Why Young New Yorkers Are Facing a Tougher Job Crisis

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It’s Tuesday. We’ll be off Thursday through Jan. 3. Happy holidays!

Weather: Expect a gradual clearing of the skies with a high in the mid-40s. It will be clear but near freezing tonight.

Alternate-side parking: Suspended through Saturday for snow removal. Parking meters will remain in effect.

Sapphire Cornwall lost her sales job in March to the pandemic.

She began collecting unemployment benefits, which eventually shrunk to $125 a week. She applied to other jobs, but at 20 years old her lack of experience was a barrier to hiring.

Ms. Cornwall’s story is not uncommon in New York City, where the pandemic set off a tougher economic downturn than in most major American cities. But among peers, her experiences are particularly salient: No age group has faced a worse crisis than young workers.

[Read more about why young adults are now struggling economically.]

Here’s what to know about their situation:

In the city, 19 percent of adults under 25 had lost their jobs by September, compared with 14 percent of all workers, experts said.

Young adults were especially vulnerable: Before the pandemic they held 15 percent of the jobs in the service industries that would be hardest hit.

The setbacks have especially hurt young adults who are Black, Hispanic or do not have a college degree; those workers have even higher rates of unemployment than younger people as a whole, a recent report found. They are also more likely to be struggling because their families lack resources to support them.

My colleague Winnie Hu spoke with experts who warned that the consequences of losing a job as a young worker — including lower wages, fewer prospects and long-term hardship — may reverberate for years.

“On top of that, the economy is going to suffer,” said Stephanie Aaronson, a vice president and director of economic studies at the Brookings Institution. “It holds back economic growth.”

State and city officials are working to help through existing job programs. But the challenges have been so vast that some social service agencies and community groups are choosing to hire young people themselves, instead of steering them elsewhere.

Knowledge Westbrooks, 23, was hired by a community group in Brooklyn after he was laid off from a warehouse job. “I wasn’t able to pay for food and stuff so I had to try to figure out another opportunity,” he told Ms. Hu.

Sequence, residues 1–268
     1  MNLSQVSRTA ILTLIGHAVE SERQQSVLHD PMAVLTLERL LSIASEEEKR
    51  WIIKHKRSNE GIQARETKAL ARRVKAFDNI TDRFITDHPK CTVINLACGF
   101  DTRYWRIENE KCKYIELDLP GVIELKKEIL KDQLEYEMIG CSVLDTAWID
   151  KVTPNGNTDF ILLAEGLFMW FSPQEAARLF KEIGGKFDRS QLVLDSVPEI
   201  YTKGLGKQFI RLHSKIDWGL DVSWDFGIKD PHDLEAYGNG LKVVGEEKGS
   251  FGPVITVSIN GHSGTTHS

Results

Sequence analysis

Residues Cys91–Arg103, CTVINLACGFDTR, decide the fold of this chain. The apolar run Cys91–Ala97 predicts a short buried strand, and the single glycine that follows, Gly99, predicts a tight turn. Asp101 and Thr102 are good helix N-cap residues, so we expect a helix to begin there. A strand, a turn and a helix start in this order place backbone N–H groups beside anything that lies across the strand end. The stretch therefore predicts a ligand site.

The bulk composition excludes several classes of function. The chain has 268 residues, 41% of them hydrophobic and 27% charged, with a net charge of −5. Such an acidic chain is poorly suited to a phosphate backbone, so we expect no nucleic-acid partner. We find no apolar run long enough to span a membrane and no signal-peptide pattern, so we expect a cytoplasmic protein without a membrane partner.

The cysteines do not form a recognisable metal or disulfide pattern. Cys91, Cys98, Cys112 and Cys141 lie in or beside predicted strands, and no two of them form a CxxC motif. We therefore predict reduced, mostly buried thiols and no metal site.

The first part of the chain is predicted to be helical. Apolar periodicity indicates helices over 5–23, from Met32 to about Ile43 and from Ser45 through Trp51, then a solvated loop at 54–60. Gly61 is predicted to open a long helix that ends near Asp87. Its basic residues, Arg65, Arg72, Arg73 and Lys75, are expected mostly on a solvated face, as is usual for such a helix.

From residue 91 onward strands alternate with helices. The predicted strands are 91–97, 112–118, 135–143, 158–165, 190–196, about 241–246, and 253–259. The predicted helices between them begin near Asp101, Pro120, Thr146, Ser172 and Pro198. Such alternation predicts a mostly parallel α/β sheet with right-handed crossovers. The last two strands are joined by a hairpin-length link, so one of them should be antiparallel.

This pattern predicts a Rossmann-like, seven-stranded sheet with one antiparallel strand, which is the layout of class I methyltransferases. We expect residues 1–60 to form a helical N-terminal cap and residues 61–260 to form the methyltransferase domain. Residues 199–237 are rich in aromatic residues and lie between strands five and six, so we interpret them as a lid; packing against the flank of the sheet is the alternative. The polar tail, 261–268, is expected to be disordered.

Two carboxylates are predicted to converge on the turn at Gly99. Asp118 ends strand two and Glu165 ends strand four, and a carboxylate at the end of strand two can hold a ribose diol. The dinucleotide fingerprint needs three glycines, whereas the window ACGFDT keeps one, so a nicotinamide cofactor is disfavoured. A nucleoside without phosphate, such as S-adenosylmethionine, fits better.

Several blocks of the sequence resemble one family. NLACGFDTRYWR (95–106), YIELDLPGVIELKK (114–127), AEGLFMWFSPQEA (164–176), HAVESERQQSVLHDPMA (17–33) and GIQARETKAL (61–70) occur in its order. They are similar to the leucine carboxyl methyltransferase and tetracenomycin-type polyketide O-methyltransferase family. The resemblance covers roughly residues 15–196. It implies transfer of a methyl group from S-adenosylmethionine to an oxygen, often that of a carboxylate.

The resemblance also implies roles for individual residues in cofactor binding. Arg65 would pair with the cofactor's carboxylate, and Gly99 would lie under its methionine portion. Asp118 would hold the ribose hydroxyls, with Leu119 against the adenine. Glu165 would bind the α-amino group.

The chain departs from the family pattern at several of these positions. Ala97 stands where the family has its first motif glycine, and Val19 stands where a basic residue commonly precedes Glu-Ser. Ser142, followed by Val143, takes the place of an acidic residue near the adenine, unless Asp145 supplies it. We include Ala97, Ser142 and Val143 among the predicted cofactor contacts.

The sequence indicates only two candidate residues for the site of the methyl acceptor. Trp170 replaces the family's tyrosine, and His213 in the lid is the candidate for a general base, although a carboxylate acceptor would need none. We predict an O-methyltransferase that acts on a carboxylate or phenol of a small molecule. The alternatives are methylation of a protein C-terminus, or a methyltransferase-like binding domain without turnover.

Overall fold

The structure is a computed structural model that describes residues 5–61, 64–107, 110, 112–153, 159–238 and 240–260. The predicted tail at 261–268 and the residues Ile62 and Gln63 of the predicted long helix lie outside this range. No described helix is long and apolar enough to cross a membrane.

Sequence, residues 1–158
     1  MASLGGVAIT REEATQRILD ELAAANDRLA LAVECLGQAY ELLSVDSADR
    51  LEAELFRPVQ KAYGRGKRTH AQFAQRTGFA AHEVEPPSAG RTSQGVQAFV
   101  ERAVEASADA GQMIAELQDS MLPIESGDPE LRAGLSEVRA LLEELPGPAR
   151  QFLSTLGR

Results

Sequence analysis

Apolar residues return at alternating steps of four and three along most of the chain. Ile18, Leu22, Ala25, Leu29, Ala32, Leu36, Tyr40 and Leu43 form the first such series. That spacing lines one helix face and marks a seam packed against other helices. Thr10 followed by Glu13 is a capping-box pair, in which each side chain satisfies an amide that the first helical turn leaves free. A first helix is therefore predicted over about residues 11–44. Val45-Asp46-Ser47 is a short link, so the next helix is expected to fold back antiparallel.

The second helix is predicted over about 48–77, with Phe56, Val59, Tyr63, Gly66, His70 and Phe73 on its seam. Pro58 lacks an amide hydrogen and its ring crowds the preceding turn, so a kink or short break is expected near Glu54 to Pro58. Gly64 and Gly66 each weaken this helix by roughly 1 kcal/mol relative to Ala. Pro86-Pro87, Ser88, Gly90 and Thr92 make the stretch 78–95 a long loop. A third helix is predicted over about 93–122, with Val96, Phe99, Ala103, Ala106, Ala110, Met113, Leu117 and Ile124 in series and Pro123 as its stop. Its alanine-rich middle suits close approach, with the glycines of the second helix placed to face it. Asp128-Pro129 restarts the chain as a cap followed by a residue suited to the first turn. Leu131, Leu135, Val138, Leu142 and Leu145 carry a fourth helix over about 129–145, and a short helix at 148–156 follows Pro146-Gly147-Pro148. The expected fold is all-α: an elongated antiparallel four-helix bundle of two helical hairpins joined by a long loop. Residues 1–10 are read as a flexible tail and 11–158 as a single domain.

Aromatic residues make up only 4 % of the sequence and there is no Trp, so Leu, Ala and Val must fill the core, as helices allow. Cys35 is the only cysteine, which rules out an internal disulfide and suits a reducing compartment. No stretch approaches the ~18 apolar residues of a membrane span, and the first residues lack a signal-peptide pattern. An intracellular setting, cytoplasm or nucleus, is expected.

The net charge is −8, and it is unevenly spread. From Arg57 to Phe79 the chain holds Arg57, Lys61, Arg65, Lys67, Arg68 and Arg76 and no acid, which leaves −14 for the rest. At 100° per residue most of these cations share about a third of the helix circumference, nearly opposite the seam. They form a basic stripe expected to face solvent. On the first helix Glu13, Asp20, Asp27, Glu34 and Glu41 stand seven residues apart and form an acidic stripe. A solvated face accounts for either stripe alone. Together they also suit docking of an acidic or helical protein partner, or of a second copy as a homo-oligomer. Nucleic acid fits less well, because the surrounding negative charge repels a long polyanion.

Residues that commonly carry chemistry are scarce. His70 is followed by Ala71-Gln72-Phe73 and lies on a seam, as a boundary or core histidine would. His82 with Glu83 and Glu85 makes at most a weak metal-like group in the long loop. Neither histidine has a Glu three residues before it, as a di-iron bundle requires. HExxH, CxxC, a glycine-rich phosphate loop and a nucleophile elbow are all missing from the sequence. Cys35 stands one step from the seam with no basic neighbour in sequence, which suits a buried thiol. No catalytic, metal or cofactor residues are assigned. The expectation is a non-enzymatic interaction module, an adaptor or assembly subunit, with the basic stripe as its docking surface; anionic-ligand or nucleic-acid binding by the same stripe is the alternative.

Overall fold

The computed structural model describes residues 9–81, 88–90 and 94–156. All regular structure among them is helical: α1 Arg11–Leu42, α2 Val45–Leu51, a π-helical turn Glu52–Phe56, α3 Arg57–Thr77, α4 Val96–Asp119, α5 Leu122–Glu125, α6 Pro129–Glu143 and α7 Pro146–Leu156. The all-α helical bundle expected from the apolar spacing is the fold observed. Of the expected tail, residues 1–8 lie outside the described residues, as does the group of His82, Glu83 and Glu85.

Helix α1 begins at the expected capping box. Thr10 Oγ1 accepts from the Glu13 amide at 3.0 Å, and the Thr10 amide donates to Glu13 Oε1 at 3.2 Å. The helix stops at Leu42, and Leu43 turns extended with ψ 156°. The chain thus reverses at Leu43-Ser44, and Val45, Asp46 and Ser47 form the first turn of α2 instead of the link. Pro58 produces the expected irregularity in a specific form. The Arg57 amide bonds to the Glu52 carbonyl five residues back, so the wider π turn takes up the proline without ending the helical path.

This year, the most borrowed book in the Brooklyn Public Library system was “How to Be an Antiracist” by Ibram X. Kendi. The top checkout in the New York Public Library system was “The Vanishing Half” by Brit Bennett. And in Queens, the most popular title was “The Guardians” by John Grisham.

In the spring and early summer months, the city’s three systems shut down their more than 200 branches to prevent the spread of the coronavirus. But in a year marked by quarantine and social isolation, checkouts of e-books rose alongside stories on themes of escape and solace.

As nationwide discussions erupted over the summer around race and racism, demand for books on the subjects surged across the country, a trend reflected in the city’s libraries. Titles like “White Fragility: Why It’s So Hard for White People to Talk About Racism” by Robin DiAngelo were among the most popular in some boroughs.

Most of the top checkouts in 2020 were new additions to the annual list. But “Becoming” by Michelle Obama, last year’s most borrowed book, remained sought-after, breaking the top five in both Brooklyn and Queens.

“Our top titles reflect a city seeking to uproot the long legacies of racism and sexism, to understand how we arrived here and how we might imagine a more equitable future,” Linda E. Johnson, the president and chief executive of Brooklyn Public Library, said in a statement. “They reflect a city that has fought to sustain its sense of community despite the distance.”

It’s Tuesday — check it out.

Dear Diary:

Years ago, on my mother’s birthday, I gave her a copy of Jan Morris’s “Manhattan ’45,” a fabulous book that describes all that happens in New York City on June 20, 1945, the day the Queen Mary, in front of huge crowds, pulled into New York Harbor bringing soldiers back from the war.

“Oh, I was on the Queen Mary that day,” my father said. He walked into his room and quickly came out with an ID card that proved that, yes, he had been on that boat.

“Oh,” my mother replied, “I was on my lunch hour, downtown.” She said she had been on the top of what she called the Pickering Hicks building that day, “where I could see the Queen Mary coming in!”

Until that moment, neither of them had known the other was there.

— Donald Berger

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